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This thesis examines Francoise de Graffigny's eighteenthcentury novel, Lettres d'une Peruvienne. focusing on the aspects that demonstrate its consideration as a utopian work, or moreover, as a feminist utopian work. The first chapter is developed from the premise about utopian fiction that the author's life must be considered since it is out of his or her "lived social experience" that utopian visions are born. Utopias, many have argued, are born out of reactions to social inequities and injustices. This chapter thus presents and analyzes, Graffigny's life especially where it shows needs for a future utopia. The second chapter explores definitions of utopias, especially feminist literary utopias, in order to build a framework for analyzing Graffigny's work. It will be shown that this novel exhibits many of the traits found in a woman's utopia as opposed to those found in a man's. The third and fourth chapters directly analyze the text, Lettres d'une Peruvienne, using the research from the previous chapters as the groundwork to draw out the utopian aspects of the novel.
One of the most popular works of the eighteenth century, Lettres d'une Péruvienne appeared in more than 130 editions, reprints, and translations during the hundred years following its publi cation in 1747. In the novel the Inca princess Zilia is kidnapped by Spanish conquerors, captured by the French after a battle at sea, and taken to Europe. Graffigny's brilliant novel offered a bold critique of French society, delivered one of the most vehement feminist protests in eighteenth-century literature, and announced—fourteen years before Rousseau's Julie, or the New Eloise—the Romantic tradition in French literature.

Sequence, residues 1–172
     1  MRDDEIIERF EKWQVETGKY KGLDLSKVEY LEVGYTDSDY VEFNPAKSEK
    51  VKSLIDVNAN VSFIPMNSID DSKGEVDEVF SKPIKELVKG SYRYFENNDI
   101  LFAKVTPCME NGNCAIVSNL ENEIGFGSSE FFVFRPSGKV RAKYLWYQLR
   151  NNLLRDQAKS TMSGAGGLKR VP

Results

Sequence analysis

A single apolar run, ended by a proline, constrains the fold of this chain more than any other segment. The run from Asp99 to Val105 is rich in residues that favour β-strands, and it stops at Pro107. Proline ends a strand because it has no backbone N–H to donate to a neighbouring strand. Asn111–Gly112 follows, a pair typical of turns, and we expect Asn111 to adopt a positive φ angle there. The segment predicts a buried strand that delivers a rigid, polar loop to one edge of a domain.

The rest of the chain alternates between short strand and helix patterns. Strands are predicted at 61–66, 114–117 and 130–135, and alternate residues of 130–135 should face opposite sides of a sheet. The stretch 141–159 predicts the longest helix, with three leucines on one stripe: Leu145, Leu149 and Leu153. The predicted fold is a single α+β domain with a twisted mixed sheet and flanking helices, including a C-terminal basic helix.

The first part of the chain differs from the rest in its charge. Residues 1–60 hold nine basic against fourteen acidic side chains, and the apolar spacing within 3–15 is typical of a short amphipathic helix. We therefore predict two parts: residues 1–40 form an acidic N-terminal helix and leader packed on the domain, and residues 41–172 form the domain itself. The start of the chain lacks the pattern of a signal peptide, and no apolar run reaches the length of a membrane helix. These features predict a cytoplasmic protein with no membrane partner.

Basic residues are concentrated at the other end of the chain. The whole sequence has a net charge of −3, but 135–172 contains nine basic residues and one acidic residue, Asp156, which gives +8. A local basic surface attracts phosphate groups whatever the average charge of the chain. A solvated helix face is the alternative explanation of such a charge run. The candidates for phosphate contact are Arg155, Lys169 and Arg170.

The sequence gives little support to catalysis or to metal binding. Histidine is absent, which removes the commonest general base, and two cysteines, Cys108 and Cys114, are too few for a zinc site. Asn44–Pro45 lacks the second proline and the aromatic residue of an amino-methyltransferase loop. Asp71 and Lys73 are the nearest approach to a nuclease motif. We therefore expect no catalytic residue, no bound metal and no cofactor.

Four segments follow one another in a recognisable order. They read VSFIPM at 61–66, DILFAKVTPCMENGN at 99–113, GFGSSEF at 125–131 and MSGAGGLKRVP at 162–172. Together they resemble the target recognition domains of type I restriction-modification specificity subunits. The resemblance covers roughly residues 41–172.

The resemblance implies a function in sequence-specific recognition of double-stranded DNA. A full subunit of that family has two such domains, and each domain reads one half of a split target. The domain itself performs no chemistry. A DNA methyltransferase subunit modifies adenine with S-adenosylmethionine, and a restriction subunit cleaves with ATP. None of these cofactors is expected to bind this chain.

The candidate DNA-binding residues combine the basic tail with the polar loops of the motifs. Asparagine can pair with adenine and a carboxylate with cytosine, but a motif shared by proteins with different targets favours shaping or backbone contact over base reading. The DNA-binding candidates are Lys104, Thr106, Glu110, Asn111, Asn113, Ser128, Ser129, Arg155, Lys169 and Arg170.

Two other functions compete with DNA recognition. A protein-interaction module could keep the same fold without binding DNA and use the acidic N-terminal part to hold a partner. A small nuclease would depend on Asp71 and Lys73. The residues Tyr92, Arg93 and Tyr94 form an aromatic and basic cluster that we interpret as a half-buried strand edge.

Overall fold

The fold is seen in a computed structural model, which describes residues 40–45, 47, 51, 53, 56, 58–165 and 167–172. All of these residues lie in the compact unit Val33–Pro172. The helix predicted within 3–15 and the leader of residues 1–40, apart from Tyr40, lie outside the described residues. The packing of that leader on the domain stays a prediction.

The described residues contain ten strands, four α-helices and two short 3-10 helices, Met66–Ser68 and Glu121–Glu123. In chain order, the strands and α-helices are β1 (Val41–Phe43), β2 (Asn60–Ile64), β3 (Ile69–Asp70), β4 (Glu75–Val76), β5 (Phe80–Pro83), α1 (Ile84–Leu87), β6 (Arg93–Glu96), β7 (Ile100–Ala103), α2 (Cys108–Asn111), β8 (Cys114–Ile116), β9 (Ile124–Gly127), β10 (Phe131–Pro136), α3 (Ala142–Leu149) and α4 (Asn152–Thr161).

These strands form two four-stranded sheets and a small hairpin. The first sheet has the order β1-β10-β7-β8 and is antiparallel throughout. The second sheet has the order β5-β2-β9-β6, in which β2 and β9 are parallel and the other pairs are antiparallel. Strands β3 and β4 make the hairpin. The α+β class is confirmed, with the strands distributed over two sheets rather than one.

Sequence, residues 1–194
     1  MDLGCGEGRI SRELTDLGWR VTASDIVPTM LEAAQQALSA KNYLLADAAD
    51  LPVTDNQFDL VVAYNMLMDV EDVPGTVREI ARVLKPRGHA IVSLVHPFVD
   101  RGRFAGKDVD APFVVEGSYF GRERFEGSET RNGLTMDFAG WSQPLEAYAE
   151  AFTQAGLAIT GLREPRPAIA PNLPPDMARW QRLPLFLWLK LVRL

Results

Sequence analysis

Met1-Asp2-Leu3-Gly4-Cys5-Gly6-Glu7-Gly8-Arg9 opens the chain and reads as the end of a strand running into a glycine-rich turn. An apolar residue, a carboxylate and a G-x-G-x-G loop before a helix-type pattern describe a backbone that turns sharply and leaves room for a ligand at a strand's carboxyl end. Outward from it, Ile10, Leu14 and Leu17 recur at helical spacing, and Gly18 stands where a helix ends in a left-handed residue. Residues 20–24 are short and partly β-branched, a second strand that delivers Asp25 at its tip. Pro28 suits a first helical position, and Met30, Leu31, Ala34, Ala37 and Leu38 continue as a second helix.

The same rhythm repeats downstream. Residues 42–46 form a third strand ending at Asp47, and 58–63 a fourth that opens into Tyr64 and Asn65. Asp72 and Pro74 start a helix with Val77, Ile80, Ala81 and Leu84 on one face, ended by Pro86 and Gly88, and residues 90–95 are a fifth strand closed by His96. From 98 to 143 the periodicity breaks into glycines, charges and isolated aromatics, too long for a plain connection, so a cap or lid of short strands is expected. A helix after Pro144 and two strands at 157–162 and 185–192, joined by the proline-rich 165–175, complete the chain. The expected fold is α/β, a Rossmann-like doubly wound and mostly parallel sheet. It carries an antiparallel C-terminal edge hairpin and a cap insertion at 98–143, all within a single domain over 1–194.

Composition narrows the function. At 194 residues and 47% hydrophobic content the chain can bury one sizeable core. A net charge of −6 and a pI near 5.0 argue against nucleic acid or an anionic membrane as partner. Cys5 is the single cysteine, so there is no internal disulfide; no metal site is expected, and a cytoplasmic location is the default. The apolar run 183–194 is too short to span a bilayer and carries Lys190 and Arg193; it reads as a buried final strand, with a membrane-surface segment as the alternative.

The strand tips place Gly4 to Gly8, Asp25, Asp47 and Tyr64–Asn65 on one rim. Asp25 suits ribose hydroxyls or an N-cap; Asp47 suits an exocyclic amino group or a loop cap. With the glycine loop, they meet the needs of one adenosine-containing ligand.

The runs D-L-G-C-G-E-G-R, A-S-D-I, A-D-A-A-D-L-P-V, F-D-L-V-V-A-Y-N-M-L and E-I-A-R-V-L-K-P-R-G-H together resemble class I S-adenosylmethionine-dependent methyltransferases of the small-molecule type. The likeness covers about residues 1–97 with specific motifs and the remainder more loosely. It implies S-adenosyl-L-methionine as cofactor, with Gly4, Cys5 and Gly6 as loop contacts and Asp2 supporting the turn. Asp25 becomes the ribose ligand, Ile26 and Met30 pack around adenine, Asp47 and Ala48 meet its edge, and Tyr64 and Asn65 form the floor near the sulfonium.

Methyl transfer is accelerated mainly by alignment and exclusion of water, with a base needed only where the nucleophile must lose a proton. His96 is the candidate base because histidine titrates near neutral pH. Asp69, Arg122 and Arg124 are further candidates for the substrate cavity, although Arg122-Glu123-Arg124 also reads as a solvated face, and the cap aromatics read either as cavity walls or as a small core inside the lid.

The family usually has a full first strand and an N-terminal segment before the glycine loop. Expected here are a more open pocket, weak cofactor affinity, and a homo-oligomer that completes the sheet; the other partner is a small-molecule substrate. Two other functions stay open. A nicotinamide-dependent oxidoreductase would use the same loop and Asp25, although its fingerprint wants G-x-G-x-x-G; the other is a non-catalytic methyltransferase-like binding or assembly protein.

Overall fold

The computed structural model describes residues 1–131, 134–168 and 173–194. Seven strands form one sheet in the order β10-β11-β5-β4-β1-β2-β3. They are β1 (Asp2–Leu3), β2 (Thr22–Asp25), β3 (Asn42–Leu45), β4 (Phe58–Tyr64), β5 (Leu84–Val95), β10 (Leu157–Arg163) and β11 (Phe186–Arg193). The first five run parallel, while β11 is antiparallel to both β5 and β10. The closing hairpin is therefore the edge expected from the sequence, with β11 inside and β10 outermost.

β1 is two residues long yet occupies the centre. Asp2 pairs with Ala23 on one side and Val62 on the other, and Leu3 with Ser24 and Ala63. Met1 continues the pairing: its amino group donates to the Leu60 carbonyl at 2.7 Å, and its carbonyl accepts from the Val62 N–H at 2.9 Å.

In this compelling new addition to Sandra M. Gilbert’s Ad Feminam: Women and Literature series, Katharine Ann Jensen examines the cultural form of the love letter and its intersection with the novel in the works of seventeenth- and eighteenth-century French women writers. Traditionally, French literary history has focused on eighteenth-century male writers Rousseau and Laclos as the master artists of the epistolary novel. That emphasis on one century, one gender, and one epistolary form—the novel—obscures the history of women’s writing in France. In the seventeenth century, the love letter was viewed as a feminine literary form in which a woman’s passionate and emotional "nature" found its logical expression. Such emotional writing was criticized for its structural and grammatical imperfections, rendering it—in the eyes of men—invalid as true "literary" material. However, men often wrote under female pseudonyms, composing letters of seduction and betrayal that were published as true accounts. Jensen contends that men disguised their words as women’s words because writing as women allowed them to experiment with narrative fiction at a time when men’s writing was rigidly defined by classical rhetoric. She further argues that men were able to moderate women’s linguistic strengths by limiting their epistolary expertise to a social, rather than literary, practice, thereby maintaining literature as an almost exclusively male province. Jensen argues for a tradition of women’s writing by examining both the love letters and novels of such writers as Desjardins, Ferrand, Graffigny, Riccoboni, and Lespinasse. In her novel Les Désordres de l’amour, Desjardins (Madame de Villedieu) creates an ambitious, letter-writing heroine. Through an analysis of the textual similarities between the heroine’s letters and Desjardins’s personal love letters to her unfaithful lover, Jensen concludes that Desjardins rewrites her own unfortunate epistolary relationship. Jensen draws similar conclusions from an examination of the personal letters of Ferrand in relation to her novel Histoire des amours de Cléante et de Bélise. In order to chart the legacy of seventeenth-century feminine epistolarity, Jensen goes on to consider the works of eighteenth-century French women writers. Like Desjardins’s novel, Graffigny’s Lettres d’une Péruvienne and Riccoboni’s Lettres de Mistress Fanni Butlerd present letter-writing heroines who overturn the conventions of seduction and betrayal in order to claim their independence and desire to write. This desire correlates to Graffigny’s and Riccoboni’s own writing ambitions, thereby asserting the ability of women to write self-consciously, rather than emotionally, and to create narrative fiction rather than cyclical letters of love and suffering. Jensen demonstrates that these assertions constitute a significant break with seventeenth-century ideas about feminine letter writing that inextricably bind women to a supposedly natural language of sexual and literary disempowerment. This important and insightful book will prove a valuable addition to the libraries of scholars in French seventeenth- and eighteenth-century studies, feminist studies, epistolary fiction, and novel and narrative studies.